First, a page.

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Engineering education: Can India overtake China?
George Iype | June 09, 2006
The boom in engineering studies in India is fast catching up with China.
China is today the largest producer of engineering graduates in the world, with some 600,000 passing out of its colleges and universities last year.
India, it seems, isn't far behind.
According to the All India Council for Technical Education, India produced 401,791 engineers in 2003-04, 35 per cent being computer engineers. In 2004-05, the number of engineering graduates increased to 464,743, of which 31 per cent were computer engineers.
Compared to India and China, the United States produces only 70,000 engineering graduates every year. All of Europe produces just 100,000.
So, will India overtake China over the next few years? "It is quite possible," says K S Madhavan, retired professor at an engineering institute. "It is a matter of great satisfaction that India has been promoting engineering education in the country over the last few years. During our time, there were only a handful of institutes." He believes there is now an engineering boom in India. "I am sure that, with the number of institutes set up for various disciplines every year, India can easily overtake China."
India currently has 113 universities and 2,088 colleges, many of which teach various engineering disciplines. Engineering colleges in the country have been growing at 20 per cent a year, while business schools have grown at 60 per cent.
Five Indian states -- Tamil Nadu, Andhra Pradesh, Maharashtra, Karnataka and Kerala -- account for 69 per cent of India's engineers. Uttar Pradesh, Bihar, Gujarat, Rajasthan and Orissa account for only 14 per cent.
But despite the rise in colleges, Prof Madhavan says the quality of Indian engineers is questionable on account of "the lack of trained faculty and dismal state spending on research and development in higher education." As engineering education grows, he adds, its quality has to improve.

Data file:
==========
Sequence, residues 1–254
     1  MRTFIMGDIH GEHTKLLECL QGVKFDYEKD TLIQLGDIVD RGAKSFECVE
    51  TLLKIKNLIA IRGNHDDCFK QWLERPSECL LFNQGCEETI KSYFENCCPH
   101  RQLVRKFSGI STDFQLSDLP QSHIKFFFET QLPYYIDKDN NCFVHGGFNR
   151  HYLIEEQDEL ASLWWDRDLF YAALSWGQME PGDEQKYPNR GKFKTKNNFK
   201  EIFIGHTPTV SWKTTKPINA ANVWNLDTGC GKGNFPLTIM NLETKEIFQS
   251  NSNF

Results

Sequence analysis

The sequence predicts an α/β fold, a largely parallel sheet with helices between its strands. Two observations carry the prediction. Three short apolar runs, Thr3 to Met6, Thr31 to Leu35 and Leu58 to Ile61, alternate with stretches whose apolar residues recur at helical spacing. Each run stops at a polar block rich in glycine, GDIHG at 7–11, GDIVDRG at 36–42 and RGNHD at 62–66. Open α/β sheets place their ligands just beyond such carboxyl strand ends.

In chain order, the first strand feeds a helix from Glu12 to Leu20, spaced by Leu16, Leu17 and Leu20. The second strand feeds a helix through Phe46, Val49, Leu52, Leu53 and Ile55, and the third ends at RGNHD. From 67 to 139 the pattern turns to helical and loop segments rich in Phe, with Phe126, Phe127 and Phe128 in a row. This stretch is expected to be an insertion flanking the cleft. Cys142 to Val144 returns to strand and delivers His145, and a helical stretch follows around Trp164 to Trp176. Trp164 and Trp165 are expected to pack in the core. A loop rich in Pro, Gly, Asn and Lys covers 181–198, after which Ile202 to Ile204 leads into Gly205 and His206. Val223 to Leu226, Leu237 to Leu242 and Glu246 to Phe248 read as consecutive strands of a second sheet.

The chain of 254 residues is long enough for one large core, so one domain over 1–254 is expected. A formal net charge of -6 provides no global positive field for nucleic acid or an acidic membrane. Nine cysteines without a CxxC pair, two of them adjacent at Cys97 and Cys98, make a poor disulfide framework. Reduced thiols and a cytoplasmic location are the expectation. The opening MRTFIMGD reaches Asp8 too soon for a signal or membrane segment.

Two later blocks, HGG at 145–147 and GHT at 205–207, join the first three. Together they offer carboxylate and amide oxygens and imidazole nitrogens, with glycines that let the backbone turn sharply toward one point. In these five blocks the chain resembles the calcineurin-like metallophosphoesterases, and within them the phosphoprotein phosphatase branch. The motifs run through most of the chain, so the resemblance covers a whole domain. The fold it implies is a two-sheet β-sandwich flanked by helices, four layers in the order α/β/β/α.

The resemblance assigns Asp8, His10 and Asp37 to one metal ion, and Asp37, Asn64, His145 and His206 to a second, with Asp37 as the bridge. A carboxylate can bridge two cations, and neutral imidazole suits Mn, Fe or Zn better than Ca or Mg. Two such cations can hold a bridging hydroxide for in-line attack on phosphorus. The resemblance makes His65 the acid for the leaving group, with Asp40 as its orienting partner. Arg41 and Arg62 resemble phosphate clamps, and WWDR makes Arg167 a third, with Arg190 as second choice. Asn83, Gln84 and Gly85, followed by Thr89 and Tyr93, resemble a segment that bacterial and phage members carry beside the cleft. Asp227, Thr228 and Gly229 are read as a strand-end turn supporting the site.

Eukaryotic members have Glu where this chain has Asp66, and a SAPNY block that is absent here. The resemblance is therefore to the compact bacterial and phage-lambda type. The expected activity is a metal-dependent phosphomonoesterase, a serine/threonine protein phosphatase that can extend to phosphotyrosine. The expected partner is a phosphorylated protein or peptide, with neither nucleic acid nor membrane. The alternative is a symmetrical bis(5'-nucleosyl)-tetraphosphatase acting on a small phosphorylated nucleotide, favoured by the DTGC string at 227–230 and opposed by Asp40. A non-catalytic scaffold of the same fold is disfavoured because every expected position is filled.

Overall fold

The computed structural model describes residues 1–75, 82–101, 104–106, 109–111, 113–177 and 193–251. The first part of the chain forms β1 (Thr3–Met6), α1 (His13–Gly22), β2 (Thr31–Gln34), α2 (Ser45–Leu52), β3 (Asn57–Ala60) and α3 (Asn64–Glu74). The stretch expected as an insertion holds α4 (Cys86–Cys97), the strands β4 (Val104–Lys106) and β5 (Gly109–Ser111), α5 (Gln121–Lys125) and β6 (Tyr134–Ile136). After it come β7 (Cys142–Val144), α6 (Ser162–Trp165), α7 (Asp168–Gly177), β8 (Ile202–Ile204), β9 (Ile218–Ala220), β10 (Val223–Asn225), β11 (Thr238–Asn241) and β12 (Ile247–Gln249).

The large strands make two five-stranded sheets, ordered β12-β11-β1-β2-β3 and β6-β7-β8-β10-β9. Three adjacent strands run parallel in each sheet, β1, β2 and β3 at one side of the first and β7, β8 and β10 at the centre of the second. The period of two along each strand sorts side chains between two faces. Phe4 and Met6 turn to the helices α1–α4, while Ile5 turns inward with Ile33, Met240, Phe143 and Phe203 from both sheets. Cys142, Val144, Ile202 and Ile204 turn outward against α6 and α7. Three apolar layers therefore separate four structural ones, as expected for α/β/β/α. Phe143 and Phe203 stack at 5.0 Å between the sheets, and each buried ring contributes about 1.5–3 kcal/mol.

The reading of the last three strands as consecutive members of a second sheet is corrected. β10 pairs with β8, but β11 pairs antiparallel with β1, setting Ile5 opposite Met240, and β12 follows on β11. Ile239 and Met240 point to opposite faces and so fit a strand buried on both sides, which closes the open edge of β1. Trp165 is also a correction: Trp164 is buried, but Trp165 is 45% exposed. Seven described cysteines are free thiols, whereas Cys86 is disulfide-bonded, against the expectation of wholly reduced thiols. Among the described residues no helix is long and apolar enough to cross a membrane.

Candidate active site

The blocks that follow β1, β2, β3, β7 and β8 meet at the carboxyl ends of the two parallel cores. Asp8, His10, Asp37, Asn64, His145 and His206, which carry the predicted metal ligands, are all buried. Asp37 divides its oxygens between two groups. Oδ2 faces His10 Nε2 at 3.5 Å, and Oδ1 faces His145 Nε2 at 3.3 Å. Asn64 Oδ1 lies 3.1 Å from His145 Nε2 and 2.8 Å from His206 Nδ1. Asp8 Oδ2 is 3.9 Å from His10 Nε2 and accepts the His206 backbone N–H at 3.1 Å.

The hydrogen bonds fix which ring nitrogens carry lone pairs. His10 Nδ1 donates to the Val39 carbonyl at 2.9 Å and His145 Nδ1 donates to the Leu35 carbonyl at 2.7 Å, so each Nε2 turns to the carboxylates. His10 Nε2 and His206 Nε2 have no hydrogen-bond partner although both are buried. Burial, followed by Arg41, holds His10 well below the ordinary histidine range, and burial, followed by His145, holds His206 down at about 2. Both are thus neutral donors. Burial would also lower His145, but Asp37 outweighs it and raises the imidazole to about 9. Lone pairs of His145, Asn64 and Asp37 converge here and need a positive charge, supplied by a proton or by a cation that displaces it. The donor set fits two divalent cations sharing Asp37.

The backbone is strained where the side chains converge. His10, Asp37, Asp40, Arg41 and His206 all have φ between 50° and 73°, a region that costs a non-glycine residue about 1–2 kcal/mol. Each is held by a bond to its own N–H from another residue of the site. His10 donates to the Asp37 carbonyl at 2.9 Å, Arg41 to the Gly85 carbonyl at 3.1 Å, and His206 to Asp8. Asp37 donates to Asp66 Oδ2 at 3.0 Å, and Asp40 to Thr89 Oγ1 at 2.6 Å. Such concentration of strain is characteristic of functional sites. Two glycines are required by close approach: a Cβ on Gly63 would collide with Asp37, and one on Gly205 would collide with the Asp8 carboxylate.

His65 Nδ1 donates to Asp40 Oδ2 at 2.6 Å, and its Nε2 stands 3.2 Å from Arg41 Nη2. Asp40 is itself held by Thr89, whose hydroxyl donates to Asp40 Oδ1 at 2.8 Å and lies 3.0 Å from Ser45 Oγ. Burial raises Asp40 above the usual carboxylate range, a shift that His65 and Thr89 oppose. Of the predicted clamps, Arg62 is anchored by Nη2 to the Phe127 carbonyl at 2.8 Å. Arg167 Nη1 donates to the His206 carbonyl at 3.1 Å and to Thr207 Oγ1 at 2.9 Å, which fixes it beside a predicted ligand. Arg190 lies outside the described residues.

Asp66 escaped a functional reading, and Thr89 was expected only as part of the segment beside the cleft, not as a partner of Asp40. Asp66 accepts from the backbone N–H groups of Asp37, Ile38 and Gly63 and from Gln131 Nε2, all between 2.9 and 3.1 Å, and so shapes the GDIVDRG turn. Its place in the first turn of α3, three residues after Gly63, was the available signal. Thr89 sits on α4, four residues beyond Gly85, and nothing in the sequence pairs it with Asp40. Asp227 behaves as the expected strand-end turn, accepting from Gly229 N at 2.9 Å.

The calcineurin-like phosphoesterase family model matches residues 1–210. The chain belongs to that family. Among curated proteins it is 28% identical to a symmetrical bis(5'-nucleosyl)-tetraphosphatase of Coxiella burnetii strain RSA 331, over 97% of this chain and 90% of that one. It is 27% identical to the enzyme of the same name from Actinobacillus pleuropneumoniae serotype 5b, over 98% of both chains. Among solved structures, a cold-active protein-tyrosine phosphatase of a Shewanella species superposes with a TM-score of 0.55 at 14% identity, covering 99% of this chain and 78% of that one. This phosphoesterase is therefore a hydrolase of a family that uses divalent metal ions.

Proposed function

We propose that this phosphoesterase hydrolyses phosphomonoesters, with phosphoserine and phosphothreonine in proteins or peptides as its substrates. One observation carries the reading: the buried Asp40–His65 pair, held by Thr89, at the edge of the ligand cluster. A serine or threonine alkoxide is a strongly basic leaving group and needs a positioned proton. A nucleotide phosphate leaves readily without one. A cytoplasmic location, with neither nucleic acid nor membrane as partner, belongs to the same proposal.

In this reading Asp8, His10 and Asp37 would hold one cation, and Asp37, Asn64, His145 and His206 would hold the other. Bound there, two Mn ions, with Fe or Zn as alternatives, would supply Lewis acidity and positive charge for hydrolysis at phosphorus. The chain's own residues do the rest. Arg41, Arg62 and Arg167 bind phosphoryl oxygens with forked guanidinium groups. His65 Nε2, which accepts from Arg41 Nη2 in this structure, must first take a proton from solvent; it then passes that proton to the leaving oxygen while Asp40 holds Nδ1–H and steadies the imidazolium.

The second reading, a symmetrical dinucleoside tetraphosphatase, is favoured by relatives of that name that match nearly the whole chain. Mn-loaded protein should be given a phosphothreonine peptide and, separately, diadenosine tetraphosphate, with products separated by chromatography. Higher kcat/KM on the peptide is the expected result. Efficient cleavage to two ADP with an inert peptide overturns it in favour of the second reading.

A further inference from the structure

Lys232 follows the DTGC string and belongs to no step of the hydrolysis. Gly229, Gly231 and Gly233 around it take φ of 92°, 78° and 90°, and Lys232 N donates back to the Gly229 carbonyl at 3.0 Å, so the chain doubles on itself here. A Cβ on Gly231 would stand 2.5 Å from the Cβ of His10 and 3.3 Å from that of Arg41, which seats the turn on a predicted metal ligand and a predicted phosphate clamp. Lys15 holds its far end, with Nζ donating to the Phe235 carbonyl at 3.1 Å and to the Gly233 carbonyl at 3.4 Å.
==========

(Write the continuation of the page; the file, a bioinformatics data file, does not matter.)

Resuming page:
According to the National Institute of Education Planning & Administration, the share of government expenditure on technical education presently hovers around 4 per cent. In China, the amount spent on research and development, especially in engineering fields, is a good 10 per cent.
What, apart from poor government expenditure, could slow India down? Experts say one of the biggest drawbacks is overlapping. "We have degrees like a Bachelor of Computer Applications (BCA), Master of Computer Applications (MCA), Bachelor of Engineering or Technology (BE/B.Tech.) in computer science, BE/B.Tech. in information technology, Bachelor of Science in computer science, Master of Science in computer science and an integrated M.Sc. in computer science /software engineering," says C R Muthukrishnan, Department of Computer Science and Engineering, IIT-Madras.
In terms of curricula, he says, these programmes are highly overlapping. They attempt to be everything to everyone. "Today, MCA programmes are available in engineering institutes as well as in colleges of arts and science," he points out.
Experts add that implementation of the curriculum -- for degree programmes in computing across Indian engineering colleges -- also tend to be poor. Another drawback is the negligible infrastructure these institutes possess. For instance, there is a severe shortage of competent faculty in computer science/IT across all engineering institutes in India.
A year ago, the U R Rao Committee that studied the problems afflicting engineering and higher education in India said that, to improve research and development, India needs well over 10,000 Ph.Ds and twice as many M.Tech. degree holders. Currently, India produces barely 400 engineering Ph.Ds a year, mostly from the IITs and the Indian Institute of Science, as opposed to 4,000 produced in the basic sciences.
According to a McKinsey Global Institute study on the emerging global labour market, India produces a large number of engineering graduates every year, but multinationals find that just 25 per cent of them are employable. 'In India, the overall quality of the educational system, apart from the top universities, could improve significantly,' the report said.
It added that improving the suitability of graduates is far from simple, but educational improvements could be coordinated closely with domestic and multinational companies to develop practical skills training in universities and external management training programs. 'Study and work abroad programs can help students gain international experience and create a worldwide diaspora of highly educated and globally minded workers,' the McKinsey study pointed out.
For the moment, then, the road ahead appears to have more than a few obstacles.